If you don’t pay by the grace period deadline, you will be charged a late fee. The amount of the late fee will vary based on your loan agreement. However, this fee can often be a significant percentage of your mortgage, typically 4 percent of your overdue payment.
Missing Your Second Mortgage Payment
If you’ve missed two consecutive mortgage payments, you will be in default on your mortgage. Typically, your lender will contact you to ask why you aren’t making payments. It’s essential to take their call. Some lenders will contact you frequently, especially if you aren’t returning their calls. While this can be stressful, they want to reach an agreement with you to avoid the foreclosure process. Remember, they don’t want to become the new owner of your home, they just want your mortgage to perform.
Make time to explain your situation to your lender. Try to work with them at this stage on an arrangement that can resolve the issue. Their loss mitigation department may come up with an affordable plan if you explain your situation.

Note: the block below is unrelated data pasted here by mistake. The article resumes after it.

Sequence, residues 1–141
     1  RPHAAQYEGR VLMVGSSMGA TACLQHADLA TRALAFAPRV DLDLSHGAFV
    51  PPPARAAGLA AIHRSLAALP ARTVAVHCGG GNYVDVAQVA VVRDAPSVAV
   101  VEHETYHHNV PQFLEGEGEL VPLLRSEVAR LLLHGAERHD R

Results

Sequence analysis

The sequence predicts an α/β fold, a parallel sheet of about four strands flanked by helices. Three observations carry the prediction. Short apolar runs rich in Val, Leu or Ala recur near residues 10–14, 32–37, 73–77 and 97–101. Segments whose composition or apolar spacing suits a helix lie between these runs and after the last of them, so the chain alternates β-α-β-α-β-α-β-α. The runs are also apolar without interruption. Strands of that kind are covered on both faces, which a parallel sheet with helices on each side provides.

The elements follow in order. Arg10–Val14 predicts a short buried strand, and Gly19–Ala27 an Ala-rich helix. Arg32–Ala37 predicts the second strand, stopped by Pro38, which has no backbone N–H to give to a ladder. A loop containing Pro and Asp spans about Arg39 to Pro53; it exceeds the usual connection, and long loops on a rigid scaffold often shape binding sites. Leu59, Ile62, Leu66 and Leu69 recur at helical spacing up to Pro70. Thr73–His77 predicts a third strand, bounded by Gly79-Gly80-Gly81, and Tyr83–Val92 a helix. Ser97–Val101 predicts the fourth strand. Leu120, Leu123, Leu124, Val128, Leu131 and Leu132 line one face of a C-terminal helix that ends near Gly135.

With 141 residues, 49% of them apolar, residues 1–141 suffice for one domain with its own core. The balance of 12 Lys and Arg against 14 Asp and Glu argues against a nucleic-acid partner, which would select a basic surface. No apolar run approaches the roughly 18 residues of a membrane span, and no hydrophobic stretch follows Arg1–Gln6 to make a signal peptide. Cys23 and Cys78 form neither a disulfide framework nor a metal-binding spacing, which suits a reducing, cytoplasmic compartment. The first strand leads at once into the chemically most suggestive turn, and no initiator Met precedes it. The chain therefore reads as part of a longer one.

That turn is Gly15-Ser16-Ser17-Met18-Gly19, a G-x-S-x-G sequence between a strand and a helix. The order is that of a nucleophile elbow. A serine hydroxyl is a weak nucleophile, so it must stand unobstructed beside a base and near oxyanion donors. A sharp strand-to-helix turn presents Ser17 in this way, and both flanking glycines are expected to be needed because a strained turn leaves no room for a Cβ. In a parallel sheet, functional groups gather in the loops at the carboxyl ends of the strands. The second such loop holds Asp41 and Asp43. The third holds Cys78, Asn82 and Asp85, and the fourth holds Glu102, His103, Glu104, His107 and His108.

It’s helpful to prepare before talking with your lender. Before you call your loan servicer:
- Review the terms of your mortgage
- Make a list of your expenses and income, gather recent pay stubs
- Identify how long you foresee having difficulty paying your mortgage, and whether this is a temporary situation or long-term
- Consider how much money you could realistically pay by a certain date, to begin an affordable pay plan
Missing Your Third Mortgage Payment
Once you’ve missed three consecutive payments, your options are starting to become more limited. You may receive a Notice to Accelerate letter. This letter states you must pay the past amount plus any accumulated late fees by a specified date, or the foreclosure process will begin.
The lender will typically hire an attorney to send you a demand letter if you don’t pay the amount requested in the Notice to Accelerate letter. The demand letter is your official notice that the foreclosure process will begin if you don’t pay. At this point, you typically will be responsible for the missed payments and late fees along with attorney fees. These attorney fees can amount to $1500 or more.